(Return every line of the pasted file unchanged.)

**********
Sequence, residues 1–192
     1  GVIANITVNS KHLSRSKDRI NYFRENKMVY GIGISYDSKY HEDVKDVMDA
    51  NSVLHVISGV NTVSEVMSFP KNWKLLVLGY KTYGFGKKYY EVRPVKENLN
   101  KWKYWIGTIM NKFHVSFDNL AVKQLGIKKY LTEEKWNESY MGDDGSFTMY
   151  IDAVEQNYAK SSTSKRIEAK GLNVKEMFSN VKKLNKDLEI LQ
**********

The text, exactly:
Sequence, residues 1–192
     1  GVIANITVNS KHLSRSKDRI NYFRENKMVY GIGISYDSKY HEDVKDVMDA
    51  NSVLHVISGV NTVSEVMSFP KNWKLLVLGY KTYGFGKKYY EVRPVKENLN
   101  KWKYWIGTIM NKFHVSFDNL AVKQLGIKKY LTEEKWNESY MGDDGSFTMY
   151  IDAVEQNYAK SSTSKRIEAK GLNVKEMFSN VKKLNKDLEI LQ